More than half of Americans support President Barack Obama’s apology for the burning of the Holy Quran in Afghanistan, an incident that triggered a spate of bloody protests and attacks on US soldiers.
According to a Reuters/Ipsos poll released on Monday, 56 per cent of those polled backed Obama’s move. 23 per cent disagreed. Besides that, 66 per cent of those polled said that US troops should return home immediately.
Obama’s formal apology and the debate that his decision created in the USA has underscored the delicate course the president must tread in his campaign for re-election in November.
However, Republic presidential candidates Mitt Romney and Rick Santorum joined Newt Gingrish on Sunday in criticising the apology saying the incident was just a mistake. Gingrish actually said that it should have been Afghan President Hamid Karzai apologising for the death of US soldiers and not otherwise.
“If Hamid Karzai doesn’t feel like apologizing, then I feel like we should say goodbye and good luck,” Gingrich said. “We don’t need to be here wasting our lives and wasting our money for somebody who doesn’t care.”
President Barack Obama has been forced to apologise over the burning of Korans at a US airbase, where continuous protests have killed over 14 people, including American soldiers. The protests have also spread to the neighbouring Pakistan.
Violent anti-US protests have seen furious Afghans attack French, Norwegian and US bases, shouting ‘death to America’ after the Taliban exhorted their countrymen to kill foreign troops to avenge the incident at a US-run base.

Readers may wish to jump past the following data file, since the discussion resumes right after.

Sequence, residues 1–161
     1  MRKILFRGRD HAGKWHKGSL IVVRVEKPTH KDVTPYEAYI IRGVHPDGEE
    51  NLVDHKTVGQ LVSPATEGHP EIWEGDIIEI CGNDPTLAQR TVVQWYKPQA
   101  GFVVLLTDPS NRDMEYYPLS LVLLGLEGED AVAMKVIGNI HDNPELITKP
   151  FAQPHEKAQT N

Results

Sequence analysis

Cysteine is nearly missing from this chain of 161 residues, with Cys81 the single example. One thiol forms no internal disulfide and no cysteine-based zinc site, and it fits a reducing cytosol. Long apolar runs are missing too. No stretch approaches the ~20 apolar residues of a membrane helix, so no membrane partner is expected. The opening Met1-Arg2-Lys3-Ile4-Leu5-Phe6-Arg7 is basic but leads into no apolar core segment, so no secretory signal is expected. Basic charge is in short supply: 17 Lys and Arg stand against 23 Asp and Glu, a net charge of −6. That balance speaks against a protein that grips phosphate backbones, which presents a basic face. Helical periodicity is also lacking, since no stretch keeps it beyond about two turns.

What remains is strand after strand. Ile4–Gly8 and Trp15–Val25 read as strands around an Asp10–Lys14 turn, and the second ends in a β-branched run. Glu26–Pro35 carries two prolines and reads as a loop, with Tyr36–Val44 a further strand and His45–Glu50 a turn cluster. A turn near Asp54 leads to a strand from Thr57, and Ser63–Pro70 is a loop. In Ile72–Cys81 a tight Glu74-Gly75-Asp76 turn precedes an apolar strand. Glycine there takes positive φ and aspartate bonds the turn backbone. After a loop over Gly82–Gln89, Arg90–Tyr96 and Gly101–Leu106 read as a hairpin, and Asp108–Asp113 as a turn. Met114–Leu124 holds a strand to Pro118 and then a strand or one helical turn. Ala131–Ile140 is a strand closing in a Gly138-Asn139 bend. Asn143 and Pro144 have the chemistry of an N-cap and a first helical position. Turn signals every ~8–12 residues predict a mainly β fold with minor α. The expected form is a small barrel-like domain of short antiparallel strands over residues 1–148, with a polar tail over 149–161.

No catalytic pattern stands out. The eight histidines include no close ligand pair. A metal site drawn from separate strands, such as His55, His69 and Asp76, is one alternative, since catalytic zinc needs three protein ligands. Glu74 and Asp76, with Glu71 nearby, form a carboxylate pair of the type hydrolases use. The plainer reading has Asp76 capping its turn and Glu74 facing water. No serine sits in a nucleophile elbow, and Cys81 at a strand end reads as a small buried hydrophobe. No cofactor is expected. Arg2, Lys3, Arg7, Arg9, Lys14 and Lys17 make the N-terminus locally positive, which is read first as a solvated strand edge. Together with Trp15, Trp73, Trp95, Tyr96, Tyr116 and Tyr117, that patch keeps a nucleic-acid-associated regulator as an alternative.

In a letter of apology to Afghan President Hamid Karzai, Obama expressed ‘deep regret’ over the incident that he said was unintentional, and pledged that those responsible would be held accountable, Kabul said.
‘I extend to you and the Afghan people my sincere apologies,’ Obama wrote in the letter presented to Karzai by US ambassador Ryan Crocker.
‘The error was inadvertent; I assure you that we will take the appropriate steps to avoid any recurrence, to include holding accountable those responsible.’
Sky News earlier reported that the Taliban, leading a 10-year insurgency against Karzai’s government, on Thursday sought to exploit the rising anti-American sentiment in their country.
‘You should bring the invading forces’ military bases under your brave attack, their military convoys, kill them, capture them, beat them and teach them a lesson that they will never again dare to insult the Holy Quran,’ it said in a statement.
However, it is unlikely that the five US soldiers who committed the crime will face any public trial. The Washington Post reported on Friday, citing US military officials that an investigation had established that the soldiers removed the Qurans from a prison at Bagram airbase because inmates were suspected of using the holy book to pass messages to each other. The Qurans were said to have been placed in an office for safekeeping, only to be mistaken for garbage and taken to a landfill where Afghan employees identified them as Qurans just as the pages caught fire.
“For the soldiers, it will be serious – they could lose rank. But you are not going to see the kind of public trial that some here seem to want,” one military official was quoted as saying.